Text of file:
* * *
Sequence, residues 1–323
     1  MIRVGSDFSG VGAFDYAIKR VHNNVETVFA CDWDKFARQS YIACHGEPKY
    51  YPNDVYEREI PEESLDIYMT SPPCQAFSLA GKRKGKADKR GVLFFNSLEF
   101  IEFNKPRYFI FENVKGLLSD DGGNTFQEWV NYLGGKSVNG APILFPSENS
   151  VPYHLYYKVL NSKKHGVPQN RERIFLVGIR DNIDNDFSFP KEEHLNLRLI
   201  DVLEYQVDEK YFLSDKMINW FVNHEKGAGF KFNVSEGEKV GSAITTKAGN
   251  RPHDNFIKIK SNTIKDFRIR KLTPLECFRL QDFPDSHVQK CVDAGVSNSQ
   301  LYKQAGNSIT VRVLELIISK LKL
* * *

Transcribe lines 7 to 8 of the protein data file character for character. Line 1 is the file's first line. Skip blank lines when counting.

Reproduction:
   251  RPHDNFIKIK SNTIKDFRIR KLTPLECFRL QDFPDSHVQK CVDAGVSNSQ
   301  LYKQAGNSIT VRVLELIISK LKL